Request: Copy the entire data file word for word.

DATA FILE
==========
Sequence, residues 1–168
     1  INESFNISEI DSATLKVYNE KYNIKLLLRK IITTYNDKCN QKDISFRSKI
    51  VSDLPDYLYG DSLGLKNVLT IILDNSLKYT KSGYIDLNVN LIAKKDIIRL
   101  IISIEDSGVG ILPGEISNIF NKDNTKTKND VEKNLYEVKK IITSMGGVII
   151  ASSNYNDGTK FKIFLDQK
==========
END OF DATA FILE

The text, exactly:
Sequence, residues 1–168
     1  INESFNISEI DSATLKVYNE KYNIKLLLRK IITTYNDKCN QKDISFRSKI
    51  VSDLPDYLYG DSLGLKNVLT IILDNSLKYT KSGYIDLNVN LIAKKDIIRL
   101  IISIEDSGVG ILPGEISNIF NKDNTKTKND VEKNLYEVKK IITSMGGVII
   151  ASSNYNDGTK FKIFLDQK